When a Lake Jackson man headed down south to go fishing at Port Aransas last week, he ended up returning with a severe rash on his leg. Anyone who has tuned in to recent stories about what the media loves to alarmingly call "flesh-eating bacteria" knows this is a red flag: Sure enough, as KTRK first reported, when the man's leg started hurting so bad he couldn't walk, he and his wife went to the hospital — and 53-year-old Vince Chappell became the fourth person this summer to make headlines for contracting an infection caused by the bacteria formally called Vibrio.
Chappell had cut his foot when wading in the water, his wife, Janie, told KTRK. And that's how doctors think the microscopic bacteria — commonly called "flesh-eating" because of how it destroys skin and tissue if the infection becomes severe — got into Chappell's system. The hospital told KTRK he is expected to recover.
The Vibrio bacteria usually hangs out in brackish or warm waters and does not target humans, but can enter open wounds by chance, as Galveston County Health District spokesman Scott Packard recently explained to us. You can also get it more commonly by eating raw shellfish. Most people's immune systems fight off the bacteria with no problem, but those with compromised immune systems due to health issues including diabetes, HIV, liver disease or cancer have a greater risk for complications, according to the U.S. Centers for Disease Control and Prevention. The CDC estimates that around 80,000 people contract Vibrio, and about 100 die.
Other cases of Vibrio have come out of Corpus Christi and McFadden Beach in Jefferson County, as the Houston Chronicle reported. The most troublesome Vibrio case, however, came out of Galveston Island a couple weeks ago, when a man named Brian Parrott, who had diabetes and an open wound, went swimming at the beach — and then ended up getting his leg amputated. The incident sent many Galveston beachgoers into a temporary panic.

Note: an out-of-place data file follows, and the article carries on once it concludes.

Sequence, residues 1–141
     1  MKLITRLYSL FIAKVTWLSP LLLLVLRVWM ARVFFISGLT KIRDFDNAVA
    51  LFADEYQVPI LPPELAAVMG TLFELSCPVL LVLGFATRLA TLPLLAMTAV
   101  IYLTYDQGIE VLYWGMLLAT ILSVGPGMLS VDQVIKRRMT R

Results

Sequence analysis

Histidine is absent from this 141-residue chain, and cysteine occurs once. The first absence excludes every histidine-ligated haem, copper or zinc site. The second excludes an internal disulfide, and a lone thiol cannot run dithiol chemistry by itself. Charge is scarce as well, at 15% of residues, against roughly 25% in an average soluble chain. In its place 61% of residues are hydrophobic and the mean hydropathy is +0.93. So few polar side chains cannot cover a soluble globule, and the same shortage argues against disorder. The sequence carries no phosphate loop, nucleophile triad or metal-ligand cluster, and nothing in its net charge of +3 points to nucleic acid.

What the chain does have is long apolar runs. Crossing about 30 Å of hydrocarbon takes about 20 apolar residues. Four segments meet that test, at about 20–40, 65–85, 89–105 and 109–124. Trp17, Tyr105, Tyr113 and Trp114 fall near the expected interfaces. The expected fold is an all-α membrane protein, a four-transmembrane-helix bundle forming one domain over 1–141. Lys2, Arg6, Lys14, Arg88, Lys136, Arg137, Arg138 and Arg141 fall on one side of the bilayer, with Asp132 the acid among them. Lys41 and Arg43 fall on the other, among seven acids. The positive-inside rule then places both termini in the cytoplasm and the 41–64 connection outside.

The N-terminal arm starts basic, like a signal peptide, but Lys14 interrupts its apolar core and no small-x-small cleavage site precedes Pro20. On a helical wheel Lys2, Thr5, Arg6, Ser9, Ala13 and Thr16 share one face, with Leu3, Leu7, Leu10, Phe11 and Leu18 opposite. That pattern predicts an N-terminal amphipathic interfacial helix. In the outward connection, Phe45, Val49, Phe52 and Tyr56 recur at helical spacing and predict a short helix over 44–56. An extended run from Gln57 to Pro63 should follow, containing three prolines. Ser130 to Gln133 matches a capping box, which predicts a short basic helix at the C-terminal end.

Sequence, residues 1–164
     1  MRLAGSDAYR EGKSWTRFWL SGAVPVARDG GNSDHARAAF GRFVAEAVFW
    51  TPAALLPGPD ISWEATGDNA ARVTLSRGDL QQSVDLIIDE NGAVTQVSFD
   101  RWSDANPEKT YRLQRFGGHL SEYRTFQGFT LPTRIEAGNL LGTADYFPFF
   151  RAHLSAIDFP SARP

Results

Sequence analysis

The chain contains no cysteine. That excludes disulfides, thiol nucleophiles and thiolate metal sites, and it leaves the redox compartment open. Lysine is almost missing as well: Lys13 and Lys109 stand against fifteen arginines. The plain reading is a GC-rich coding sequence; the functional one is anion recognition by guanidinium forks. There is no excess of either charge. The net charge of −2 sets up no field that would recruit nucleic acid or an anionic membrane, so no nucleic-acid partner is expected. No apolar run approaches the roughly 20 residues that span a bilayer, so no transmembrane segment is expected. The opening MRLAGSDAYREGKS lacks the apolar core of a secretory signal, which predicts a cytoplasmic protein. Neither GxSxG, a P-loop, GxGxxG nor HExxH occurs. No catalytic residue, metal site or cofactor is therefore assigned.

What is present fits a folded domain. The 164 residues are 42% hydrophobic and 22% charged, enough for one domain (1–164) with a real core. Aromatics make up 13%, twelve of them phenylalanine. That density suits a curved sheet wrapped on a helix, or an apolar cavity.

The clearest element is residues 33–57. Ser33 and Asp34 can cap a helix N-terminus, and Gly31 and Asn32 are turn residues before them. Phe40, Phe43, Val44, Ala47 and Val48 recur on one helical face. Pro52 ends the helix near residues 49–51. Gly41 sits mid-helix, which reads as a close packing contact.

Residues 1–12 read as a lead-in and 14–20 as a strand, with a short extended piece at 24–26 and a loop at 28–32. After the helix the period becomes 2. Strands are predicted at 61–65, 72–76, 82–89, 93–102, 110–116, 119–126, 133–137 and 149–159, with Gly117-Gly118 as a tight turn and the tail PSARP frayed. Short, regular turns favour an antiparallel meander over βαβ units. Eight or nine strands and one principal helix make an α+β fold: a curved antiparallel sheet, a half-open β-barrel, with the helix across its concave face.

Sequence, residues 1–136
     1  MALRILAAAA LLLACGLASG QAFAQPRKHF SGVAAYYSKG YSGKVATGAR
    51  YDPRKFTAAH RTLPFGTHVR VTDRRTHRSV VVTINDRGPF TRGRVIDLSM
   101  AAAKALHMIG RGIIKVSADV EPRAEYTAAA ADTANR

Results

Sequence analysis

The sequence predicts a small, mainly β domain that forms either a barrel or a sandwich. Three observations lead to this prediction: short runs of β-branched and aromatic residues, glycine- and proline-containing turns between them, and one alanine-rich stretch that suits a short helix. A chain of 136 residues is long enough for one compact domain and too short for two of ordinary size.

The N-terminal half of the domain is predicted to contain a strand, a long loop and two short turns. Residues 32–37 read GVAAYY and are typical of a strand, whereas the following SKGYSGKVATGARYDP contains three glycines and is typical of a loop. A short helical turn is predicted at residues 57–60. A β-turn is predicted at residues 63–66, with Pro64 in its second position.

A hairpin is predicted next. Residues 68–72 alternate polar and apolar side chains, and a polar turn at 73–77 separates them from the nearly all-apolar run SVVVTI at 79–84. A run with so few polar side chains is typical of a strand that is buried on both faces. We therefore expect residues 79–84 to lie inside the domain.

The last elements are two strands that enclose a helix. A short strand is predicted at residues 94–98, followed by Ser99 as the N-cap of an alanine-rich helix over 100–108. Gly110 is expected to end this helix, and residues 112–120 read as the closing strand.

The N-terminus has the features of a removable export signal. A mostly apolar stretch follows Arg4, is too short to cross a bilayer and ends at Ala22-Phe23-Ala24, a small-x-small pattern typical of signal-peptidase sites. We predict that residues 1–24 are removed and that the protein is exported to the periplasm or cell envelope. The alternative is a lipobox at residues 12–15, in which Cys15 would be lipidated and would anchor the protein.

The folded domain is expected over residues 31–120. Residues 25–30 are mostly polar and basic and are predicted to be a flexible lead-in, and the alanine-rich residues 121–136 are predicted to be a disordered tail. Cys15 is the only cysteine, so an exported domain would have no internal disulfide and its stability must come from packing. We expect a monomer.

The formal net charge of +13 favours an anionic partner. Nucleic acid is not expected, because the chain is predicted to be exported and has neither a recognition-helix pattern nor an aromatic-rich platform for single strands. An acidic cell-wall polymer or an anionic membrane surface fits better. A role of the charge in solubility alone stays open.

After media reports about the tragic event made their rounds, we talked to Packard, who told us that what happened to Parrott at Galveston Island was both extremely unfortunate and "extraordinarily rare." He said only eight people contracted Vibrio in 2015 out of about six million beachgoers.
While you weigh your luck with those odds, all we're going to add is: Seriously, people, just remember to cover up your open wounds.
Keep the Houston Press Free... Since we started the Houston Press, it has been defined as the free, independent voice of Houston, and we would like to keep it that way. Offering our readers free access to incisive coverage of local news, food and culture. Producing stories on everything from political scandals to the hottest new bands, with gutsy reporting, stylish writing, and staffers who've won everything from the Society of Professional Journalists' Sigma Delta Chi feature-writing award to the Casey Medal for Meritorious Journalism. But with local journalism's existence under siege and advertising revenue setbacks having a larger impact, it is important now more than ever for us to rally support behind funding our local journalism. You can help by participating in our "I Support" membership program, allowing us to keep covering Houston with no paywalls.